My family changed their surname to avoid discrimination. But it voided a piece of my identity too
“I often find myself missing the link my name would’ve provided to my motherland, slightly jealous of my cousins who still possess it”
People usually find it unbelievable when I tell them my dad is Nepali. He was 21 when he moved to the Punjabi-dominated Panipat to make it on his own, the same age I was when I found out my family name wasn’t actually my family’s name. My grandfather enacted a surname change to Singh to assimilate when they moved to India back in the 1950s in search of a better life.
There are a multitude of reasons why people adopt a surname change. The most common of them all is when women affix their husbands’ last names after getting married, or change their entire names.
Some, like my grandfather, have done it to escape discrimination or “fit in”, while others drop their last names altogether as they’re signifiers of caste. Some young parents are also refusing to pass on their surnames, like novelist Shubhangi Swarup and media professional Nikhil Hemrajani. (Read their story here.) All of these reasons, though, boil down to a simple word: identity. And how some of us are either forced or conditioned our entire life to give up on ours.
A rose by any other name…
When we asked our readers why they’d been through a surname change, 71% of them said their parents or grandparents had taken a different last name, while 36% said in a separate poll that they took their husbands’ surnames after getting married.
Kahini Iyer, a 30-year-old journalist, would have had Balasubramanian as her surname. But her parents decided on Iyer — simpler to pronounce — for both their daughters when they were moving out of India. After years of hearing more mispronounciations of the name than there are mudras in Bharatanatyam, they too decided to make the switch. “They often joke that they’re the first parents to be named after their kids,” says Iyer. Her fiancé, 35-year-old Shahdan Calcuttawalla, only acquired the name because his great-grandfather — an Iranian Zoroastrian — had spent a few years in the Bengali city.
Both Iyer and Calcuttawalla had parents or grandparents who swapped their surnames to adopt the culture of their new countries, like my grandfather, who became a Singh when he arrived in Uttar Pradesh in the 50s with his family in tow. Who wants to be a Malla Thakkuri (my family’s original Nepali surname) when you could be a good old Indian like all your padosis?
Psychiatrist Dr Natasha Kate explains an identity crisis can be brought forth if you’re forced into a surname change because of societal circumstances. Although hers carries “the history of my family moving from Iran to Afghanistan, Pakistan and then post-partition India”, 30-year-old journalist Sara Hussain has been contemplating changing it. “Even if it’s just to rent a house, because I’ve been refused many times when they find out I’m Muslim, though not a practising one,” she says.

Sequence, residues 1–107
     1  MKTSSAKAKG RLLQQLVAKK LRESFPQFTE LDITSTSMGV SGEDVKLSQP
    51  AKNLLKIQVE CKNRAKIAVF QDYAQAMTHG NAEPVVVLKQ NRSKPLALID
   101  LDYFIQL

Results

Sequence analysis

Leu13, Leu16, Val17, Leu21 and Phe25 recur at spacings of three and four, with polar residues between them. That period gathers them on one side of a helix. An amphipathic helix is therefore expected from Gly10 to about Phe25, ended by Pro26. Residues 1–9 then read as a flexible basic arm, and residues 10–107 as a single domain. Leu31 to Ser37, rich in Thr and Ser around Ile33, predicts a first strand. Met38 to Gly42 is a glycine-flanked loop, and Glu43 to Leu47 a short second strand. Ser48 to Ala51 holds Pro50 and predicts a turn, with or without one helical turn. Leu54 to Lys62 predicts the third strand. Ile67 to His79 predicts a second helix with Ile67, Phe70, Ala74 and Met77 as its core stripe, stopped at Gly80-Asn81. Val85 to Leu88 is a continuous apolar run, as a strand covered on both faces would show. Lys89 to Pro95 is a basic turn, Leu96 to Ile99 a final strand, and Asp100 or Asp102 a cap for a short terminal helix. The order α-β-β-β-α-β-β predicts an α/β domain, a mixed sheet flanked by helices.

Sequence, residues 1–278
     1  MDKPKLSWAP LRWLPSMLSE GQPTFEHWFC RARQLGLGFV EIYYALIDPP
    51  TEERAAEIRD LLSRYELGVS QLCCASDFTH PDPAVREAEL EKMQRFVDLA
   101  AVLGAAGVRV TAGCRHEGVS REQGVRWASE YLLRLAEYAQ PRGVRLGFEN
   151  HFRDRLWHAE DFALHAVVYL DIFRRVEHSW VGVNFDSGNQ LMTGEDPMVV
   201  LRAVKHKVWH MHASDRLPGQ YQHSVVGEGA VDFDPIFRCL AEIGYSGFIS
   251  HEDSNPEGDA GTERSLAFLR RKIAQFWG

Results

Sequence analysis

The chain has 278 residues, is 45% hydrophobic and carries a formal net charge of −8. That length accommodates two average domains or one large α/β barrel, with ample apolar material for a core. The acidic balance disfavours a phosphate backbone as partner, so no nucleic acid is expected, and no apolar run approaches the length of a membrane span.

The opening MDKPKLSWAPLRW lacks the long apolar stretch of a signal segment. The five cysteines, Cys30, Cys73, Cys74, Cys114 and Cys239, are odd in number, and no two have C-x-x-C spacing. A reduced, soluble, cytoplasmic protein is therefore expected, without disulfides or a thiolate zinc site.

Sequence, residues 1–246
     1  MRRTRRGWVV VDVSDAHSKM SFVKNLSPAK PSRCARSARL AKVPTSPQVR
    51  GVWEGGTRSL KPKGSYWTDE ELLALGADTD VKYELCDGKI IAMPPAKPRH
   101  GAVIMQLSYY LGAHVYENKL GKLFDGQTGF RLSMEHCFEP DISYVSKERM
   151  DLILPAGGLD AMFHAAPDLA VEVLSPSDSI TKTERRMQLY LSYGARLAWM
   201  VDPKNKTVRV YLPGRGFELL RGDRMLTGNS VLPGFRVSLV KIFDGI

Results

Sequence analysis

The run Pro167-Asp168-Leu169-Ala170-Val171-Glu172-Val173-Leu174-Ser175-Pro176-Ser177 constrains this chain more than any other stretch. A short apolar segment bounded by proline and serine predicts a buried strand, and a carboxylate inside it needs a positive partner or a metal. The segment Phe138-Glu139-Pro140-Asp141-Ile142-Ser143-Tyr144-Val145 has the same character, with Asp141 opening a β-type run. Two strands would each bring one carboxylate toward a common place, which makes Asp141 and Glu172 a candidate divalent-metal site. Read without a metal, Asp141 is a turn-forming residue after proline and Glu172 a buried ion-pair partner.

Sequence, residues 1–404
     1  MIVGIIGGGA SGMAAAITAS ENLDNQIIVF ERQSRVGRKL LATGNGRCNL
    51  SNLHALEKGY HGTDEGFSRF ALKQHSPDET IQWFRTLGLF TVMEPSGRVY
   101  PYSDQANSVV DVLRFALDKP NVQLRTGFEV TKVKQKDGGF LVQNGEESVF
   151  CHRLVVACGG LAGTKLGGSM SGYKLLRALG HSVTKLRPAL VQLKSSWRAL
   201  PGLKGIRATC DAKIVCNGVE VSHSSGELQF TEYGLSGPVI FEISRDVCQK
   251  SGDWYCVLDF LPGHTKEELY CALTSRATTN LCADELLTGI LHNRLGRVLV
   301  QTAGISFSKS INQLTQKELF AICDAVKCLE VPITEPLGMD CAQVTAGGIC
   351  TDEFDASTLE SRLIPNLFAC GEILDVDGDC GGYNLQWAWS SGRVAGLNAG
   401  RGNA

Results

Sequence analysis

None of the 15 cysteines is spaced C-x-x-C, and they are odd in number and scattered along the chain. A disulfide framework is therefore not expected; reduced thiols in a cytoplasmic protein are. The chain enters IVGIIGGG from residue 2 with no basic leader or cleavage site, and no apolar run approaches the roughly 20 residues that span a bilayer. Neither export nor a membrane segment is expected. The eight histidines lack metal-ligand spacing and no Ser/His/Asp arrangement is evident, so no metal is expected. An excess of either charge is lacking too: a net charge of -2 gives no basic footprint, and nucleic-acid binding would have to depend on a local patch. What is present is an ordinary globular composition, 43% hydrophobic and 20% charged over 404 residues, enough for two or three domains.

Discrimination was one of the reasons my grandfather changed our family name to Singh. My brother and I were instructed to never tell anyone we were Nepali and my father would scold us if we ever did. I resented him for it when I was younger. Where I felt deprived of my connection to my native country, he was intent on breaking his. It soon became obvious why; when I told someone I was Nepali and they would respond with “Welcome to India” or “Do you know how to make momos?” Or, “Are all Nepalis called Dhanbahadur?” Ironically, my dad was — before my family changed their name.
It was my mother who would assure us (after giving the bullies an earful too) when she cuddled us to sleep that there was nothing wrong with selling momos or chow mein as Nepalis were making an honest living through it. In spite of it all — or maybe because of it — I’m proud of my Nepali heritage and often find myself missing the link my name would’ve provided to my motherland, slightly jealous of my cousins who still possess it.
Alpana, a 29-year-old educator, also had a missing link to her identity like me, because her parents never gave her a last name. Though they never explicitly told her why, she suspects it was to save her from people’s prejudice that would surely come once they knew she was Dalit. Despite that, she chose to name her daughter Kayna Ranga — a surname that is distinguishably Dalit — because she doesn’t wish for her to hide or shrink herself down for the comfort of others.
She says, “We’re all born with a clean slate. Our parents paint over us with love but later on, sometimes society tries to hide some of our colours. But it’s eventually our own selves who give meaning to the art that has been done on our canvases. Not ever erasing. Just adding bits here and there to illuminate what we love. That’s what I want for my daughter.” Isn’t that what all of us want for our kids, too?